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Thursday, 27 September, 2001, 10:26 GMT 11:26 UK
Providing 'emotional first aid'
Colin Murray Parkes
Dr Murray Parkes: "None of them want vengeance"
Psychiatrist Colin Murray Parkes has just returned from New York, where he lent a hand to hold and a shoulder to cry on for the British families mourning loved ones killed in the US terror attacks. He was in the first team of counsellors and police officers sent over by the Foreign Office.

It's a sad, sad place, New York at the moment. It's normally an exciting, bustling city, but even the cab drivers aren't joshing like they used to.

I first went to ground zero with two other counsellors - all three of us cried

I couldn't go to 'ground zero' itself because it's a scene of crime. Not even the police were able to get beyond the barriers sealing off the area.

But if you walk down Broadway, you can look into the streets leading to the disaster and see the ruined buildings, the rescue workers coming in and out, and the stream of lorries carrying rubble away.

For bereaved families, that's what they need to see.

Rescuers recover a body
Rescue workers in silence around a recovered body
I first went with two other counsellors so we could warn the families in advance.

Different people cry for different reasons, and in my case, it was seeing a group of rescue workers who'd obviously been working hard on the site.

They came off their shift, took off their masks and just put their arms around each other.

You could see that they were having a hell of a time. It just caught my heart.

Mourners making the stars and stripes with coloured candles in Union Square
He took the families to see memorials across the city
Saturday a week ago, at the annual general meeting of Cruse [a bereavement care organisation], we got a message from the Foreign Office asking if we could get 40 counsellors to fly to New York at short notice. Within an hour, we had our 40 volunteers.

Colin Murray Parkes looks at his photos from NY
Reviewing his photos of the devastated city
I flew out the next day with about 20 police family liaison officers, and within two days the first team of 10 counsellors joined us.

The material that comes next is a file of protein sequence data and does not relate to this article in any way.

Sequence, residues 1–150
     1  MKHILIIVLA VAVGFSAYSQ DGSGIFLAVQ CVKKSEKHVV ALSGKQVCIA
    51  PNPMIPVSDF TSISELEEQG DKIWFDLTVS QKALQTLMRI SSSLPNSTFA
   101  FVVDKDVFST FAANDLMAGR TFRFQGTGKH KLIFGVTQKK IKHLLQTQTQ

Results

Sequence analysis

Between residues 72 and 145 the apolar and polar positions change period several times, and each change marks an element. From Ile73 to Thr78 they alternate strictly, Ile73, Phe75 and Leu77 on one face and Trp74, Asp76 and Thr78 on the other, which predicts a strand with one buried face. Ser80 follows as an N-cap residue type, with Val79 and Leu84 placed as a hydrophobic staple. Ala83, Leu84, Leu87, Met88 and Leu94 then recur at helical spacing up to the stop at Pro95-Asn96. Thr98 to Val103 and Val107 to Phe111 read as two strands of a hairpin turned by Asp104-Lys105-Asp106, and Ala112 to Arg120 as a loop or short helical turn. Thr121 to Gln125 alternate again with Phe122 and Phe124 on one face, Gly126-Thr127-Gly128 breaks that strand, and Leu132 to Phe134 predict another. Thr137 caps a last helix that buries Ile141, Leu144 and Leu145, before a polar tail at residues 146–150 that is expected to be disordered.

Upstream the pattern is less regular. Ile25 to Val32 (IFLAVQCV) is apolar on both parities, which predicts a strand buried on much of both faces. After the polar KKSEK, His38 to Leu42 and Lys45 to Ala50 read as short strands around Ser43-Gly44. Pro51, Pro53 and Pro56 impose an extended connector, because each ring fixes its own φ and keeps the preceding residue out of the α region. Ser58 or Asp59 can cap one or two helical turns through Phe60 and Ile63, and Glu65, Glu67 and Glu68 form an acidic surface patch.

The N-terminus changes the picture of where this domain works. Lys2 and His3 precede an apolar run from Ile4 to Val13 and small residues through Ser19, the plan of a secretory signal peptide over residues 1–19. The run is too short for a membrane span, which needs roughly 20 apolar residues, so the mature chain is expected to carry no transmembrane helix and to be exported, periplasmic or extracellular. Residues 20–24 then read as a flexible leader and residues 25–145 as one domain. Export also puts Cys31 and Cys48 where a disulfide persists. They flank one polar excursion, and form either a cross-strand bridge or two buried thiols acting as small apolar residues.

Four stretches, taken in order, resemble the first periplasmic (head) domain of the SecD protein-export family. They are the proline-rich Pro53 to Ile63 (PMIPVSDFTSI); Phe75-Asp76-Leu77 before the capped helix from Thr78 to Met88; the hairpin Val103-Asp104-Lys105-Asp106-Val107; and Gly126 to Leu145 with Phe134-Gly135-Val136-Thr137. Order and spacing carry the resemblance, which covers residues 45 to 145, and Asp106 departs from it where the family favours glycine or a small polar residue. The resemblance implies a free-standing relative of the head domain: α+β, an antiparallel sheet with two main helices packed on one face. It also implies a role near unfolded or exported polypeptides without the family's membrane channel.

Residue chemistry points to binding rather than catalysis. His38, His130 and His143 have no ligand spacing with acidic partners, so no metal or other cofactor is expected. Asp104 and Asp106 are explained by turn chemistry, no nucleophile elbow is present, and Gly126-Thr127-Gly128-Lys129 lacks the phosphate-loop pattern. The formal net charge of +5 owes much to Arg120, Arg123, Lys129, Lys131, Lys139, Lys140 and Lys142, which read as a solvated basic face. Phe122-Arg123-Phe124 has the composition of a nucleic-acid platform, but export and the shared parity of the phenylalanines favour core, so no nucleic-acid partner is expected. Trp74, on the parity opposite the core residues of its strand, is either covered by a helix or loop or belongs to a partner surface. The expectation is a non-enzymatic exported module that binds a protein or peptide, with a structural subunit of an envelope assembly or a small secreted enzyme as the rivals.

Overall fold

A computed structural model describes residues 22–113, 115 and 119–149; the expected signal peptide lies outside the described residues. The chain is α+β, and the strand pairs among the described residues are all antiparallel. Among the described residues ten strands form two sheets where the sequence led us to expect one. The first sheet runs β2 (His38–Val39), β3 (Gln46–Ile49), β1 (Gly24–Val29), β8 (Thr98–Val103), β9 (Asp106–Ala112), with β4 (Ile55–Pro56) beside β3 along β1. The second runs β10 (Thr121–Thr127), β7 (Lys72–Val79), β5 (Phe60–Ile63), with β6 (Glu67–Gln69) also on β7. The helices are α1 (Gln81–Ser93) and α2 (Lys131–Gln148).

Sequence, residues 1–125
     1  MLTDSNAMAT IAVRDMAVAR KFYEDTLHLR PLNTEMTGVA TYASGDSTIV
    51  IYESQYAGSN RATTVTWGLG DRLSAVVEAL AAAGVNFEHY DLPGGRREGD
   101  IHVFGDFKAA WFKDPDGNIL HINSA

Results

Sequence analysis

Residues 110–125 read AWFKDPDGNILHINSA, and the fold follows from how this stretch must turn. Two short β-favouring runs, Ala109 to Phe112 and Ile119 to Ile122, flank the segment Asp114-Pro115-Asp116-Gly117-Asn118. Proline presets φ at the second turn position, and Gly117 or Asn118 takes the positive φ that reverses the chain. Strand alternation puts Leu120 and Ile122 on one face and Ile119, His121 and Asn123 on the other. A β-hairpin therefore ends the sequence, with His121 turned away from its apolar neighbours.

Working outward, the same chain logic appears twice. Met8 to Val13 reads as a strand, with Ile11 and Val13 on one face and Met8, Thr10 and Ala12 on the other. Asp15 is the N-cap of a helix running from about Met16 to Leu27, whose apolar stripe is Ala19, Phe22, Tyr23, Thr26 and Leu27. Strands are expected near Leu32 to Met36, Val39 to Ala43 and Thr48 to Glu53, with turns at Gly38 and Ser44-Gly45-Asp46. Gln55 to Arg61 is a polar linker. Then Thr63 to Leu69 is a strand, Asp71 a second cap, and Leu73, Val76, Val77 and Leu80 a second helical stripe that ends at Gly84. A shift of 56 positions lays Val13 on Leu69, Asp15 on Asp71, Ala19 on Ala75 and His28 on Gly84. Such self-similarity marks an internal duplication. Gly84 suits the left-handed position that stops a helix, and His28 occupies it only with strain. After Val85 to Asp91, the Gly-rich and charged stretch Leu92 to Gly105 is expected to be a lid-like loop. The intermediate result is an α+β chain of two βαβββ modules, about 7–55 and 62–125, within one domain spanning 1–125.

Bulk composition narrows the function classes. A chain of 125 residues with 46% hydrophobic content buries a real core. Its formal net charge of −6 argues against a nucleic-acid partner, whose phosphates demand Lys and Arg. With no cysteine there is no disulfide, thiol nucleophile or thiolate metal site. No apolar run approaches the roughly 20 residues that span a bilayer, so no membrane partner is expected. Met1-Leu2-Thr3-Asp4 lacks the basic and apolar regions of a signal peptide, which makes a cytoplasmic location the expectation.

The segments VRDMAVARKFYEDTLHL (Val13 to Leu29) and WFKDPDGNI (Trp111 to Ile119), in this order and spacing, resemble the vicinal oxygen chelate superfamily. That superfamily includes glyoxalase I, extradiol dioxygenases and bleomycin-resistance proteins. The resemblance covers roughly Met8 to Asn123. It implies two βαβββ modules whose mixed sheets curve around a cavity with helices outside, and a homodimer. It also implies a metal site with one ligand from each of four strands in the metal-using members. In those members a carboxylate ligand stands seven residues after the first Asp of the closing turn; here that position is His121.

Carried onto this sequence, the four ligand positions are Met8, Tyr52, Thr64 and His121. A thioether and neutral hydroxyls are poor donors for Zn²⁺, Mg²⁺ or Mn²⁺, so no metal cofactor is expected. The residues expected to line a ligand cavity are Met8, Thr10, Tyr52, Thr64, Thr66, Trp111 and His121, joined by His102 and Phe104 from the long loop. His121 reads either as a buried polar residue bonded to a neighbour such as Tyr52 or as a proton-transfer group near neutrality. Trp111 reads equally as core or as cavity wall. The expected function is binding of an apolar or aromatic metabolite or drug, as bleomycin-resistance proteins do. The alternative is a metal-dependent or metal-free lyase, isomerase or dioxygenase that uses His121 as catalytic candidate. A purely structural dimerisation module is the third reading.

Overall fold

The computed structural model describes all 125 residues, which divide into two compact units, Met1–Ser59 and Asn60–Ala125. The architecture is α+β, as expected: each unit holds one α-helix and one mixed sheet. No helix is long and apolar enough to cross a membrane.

Almost as we got off the plane, we were told that the first families had arrived.

Very often, it wasn't the person most affected by the bereavement sent out - there were many widows and children who didn't come because they were too upset.

Instead it was a brother or cousin sent to New York to find out what was going on. So we weren't necessarily dealing with people who were themselves enormously traumatised - some were, but not all of them.

Hand-holding capacity

Most who came out were eager for information; they wanted to know what had happened, where they stood.

One of the bereaved ladies muttered, 'I could murder a drink', so I raided the consulate's gin supply

The police officers provided the families with useful factual information, such as what to do if a body is recovered and the legal aspects of inquests.

Our role was to give them what you might call psychological first aid - there was very little we could do in the way of counselling in just two or three days.

We were more concerned with meeting them at the airport, accompanying them around the city, and putting them in touch with a bereavement organisation back home.

Memorials to missing Britons
Posters of missing Britons at Our Lady of the Rosary
Last Thursday we went with the families to the prayer service at St Thomas Church.

We first went to the British consul's house, where he welcomed us and gave us a soft drink.

Relatives at NY prayer service
Grieving relatives at last Thursday's prayer service
One of the bereaved ladies muttered to me, 'I could murder a drink at the moment', so I raided his supply and poured a stiff gin into her orange juice.

The service itself was quite lovely.

We all felt that this was the world grieving, that we were part of something bigger than ourselves, and that was very helpful to the bereaved families.

Memorial to the dead

None who came out have recovered a body.

People have got this idea that 'Maybe my husband's lying unconscious' or 'Maybe he's forgotten his name'.

There are no unidentified people lying in New York hospitals

But there are no unknown, unidentified people lying in New York hospitals - we've checked.

One very difficult thing these families are facing is that there may never be a body to bury. Funerals make death real, so it's hard to believe that you've lost someone when you don't have a body.

But there are ways of doing this. When the HMS Sheffield went down in the Falklands, they marked it with a buoy and made it a war grave. I've taken the bereaved there so they can throw a wreath on the water to make it real for them.

The ruins before they were dismantled
Part of the ruins will be kept for a memorial
The authorities in America need to think very carefully about what they need to do at the site of the disaster.

In my view, the sooner they can get their investigations over and turn it into a grave, the better.

After all, it could take months or even years before they excavate every single bit of the devastated towers.

There comes a point when that ceases to be useful. I think they're approaching that point. They need to somehow find a shrine for the dead.

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See also:

26 Sep 01 | Americas
23 Sep 01 | Americas
12 Sep 01 | UK
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